Q3F09answers

Q3F09answers - November 18, 2009 Quiz 3 Economics 1...

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November 18, 2009 Quiz 3 Economics 1 True-False Questions: 1. If the demand curve for a good slopes downward, its supply curve slopes upward, and the government sets a ceiling on the price of the good that is below the competitive equilibrium price for the good, the quantity supplied of the good will exceed the quantity demanded of the good. False Examine the supply and demand diagram. When the price is equal to the price ceiling, which is below the competitive equilibrium price, the quantity demanded exceeds the quantity supplied. quantity supplied quantity demanded price supply demand price ceiling quantity
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2. A minimum wage that exceeds the competitive equilibrium wage will increase voluntary unemployment. False A worker is voluntarily unemployed if the he or she does not chose to work at the prevailing market wage. A minimum wage exceeding the competitive equilibrium wage will increase the prevailing market wage. No one who chose to work at the competitive equilibrium wage will decide not to work now. So, voluntary unemployment can’t go up. And some people who chose not to work at the competitive equilibrium wage might be willing to work at the higher wage prevailing after the minimum wage is imposed. So, voluntary unemployment could actually go down. However, with the minimum wage, some workers who want to work may not be able to find a job. Unemployment of that kind is called involuntary unemployment. The minimum wage should be expected to decrease voluntary unemployment and increase involuntary unemployment. 3. If the total revenue of a firm divided by the number of workers it employs exceeds the wage it must pay its workers, the firm will increase its profits by hiring an additional worker. False If the marginal value product of labor exceeds the wage a firm must pay its workers, it will increase profits by hiring an additional worker. However, total revenue divided by the number of workers is the average value produce of labor, not the marginal value product. Just because the average product of labor is higher than the wage, the marginal value product of labor is not necessarily higher than the wage. Here’s an example taken from the lecture of November 2. Suppose the wage a firm must pay is $25 per day. The table below shows revenue for different levels of employment, as well as average value product, marginal value product, cost and profit. Workers Value of Ouput Average Value Product Marginal Value Product Cost Profit 1 $40 $40 $40 $25 $15 2 $70 $35 $30 $50 $20 3 $90 $30 $20 $75 $15 4 $104 $26 $14 $100 $4 For the first worker, the marginal value product exceeds the wage so adding that worker increases profits. The same is true of the second worker. However, adding the third worker increases revenue by $20 and increases cost by $25. Adding the third worker decreases profit. Notice, however, that the average value product of the third worker, $30, exceeds the wage. So, with the third worker average value product exceeds the wage, but adding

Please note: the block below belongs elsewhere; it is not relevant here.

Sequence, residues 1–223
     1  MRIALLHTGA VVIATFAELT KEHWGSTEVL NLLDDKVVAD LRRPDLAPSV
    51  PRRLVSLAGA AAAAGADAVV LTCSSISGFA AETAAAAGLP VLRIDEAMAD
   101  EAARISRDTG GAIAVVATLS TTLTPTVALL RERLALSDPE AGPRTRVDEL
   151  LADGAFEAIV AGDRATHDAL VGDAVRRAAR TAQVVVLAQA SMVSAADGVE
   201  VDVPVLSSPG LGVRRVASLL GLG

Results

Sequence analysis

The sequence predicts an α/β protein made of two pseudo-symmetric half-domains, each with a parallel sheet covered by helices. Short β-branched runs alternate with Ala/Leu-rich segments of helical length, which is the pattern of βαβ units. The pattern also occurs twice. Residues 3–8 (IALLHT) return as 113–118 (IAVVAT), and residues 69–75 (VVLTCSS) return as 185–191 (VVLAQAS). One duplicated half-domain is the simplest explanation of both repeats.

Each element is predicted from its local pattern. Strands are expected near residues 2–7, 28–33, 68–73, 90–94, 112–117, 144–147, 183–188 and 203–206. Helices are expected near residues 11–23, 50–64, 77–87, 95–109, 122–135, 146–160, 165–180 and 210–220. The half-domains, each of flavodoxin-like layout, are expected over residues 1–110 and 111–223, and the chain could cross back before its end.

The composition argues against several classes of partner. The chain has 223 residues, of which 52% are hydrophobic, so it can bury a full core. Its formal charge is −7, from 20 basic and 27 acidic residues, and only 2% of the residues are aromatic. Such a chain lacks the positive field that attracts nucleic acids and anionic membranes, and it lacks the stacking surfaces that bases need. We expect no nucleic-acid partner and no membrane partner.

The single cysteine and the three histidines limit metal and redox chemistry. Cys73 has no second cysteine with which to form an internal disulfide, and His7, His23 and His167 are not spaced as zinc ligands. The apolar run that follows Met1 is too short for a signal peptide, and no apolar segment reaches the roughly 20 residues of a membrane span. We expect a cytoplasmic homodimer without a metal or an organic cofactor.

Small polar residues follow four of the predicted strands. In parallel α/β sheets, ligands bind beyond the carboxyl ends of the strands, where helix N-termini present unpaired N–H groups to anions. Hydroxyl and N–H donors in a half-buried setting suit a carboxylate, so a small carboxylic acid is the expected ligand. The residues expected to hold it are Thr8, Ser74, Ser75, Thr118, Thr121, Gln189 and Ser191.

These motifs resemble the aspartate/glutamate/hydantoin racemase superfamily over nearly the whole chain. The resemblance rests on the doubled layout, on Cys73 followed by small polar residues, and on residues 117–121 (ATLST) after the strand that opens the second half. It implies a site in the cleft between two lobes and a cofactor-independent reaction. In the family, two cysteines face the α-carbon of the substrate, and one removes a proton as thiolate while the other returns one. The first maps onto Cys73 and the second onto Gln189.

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This note was uploaded on 03/20/2010 for the course ECON 1 taught by Professor Bergstrom during the Spring '07 term at UCSB.

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Q3F09answers - November 18, 2009 Quiz 3 Economics 1...

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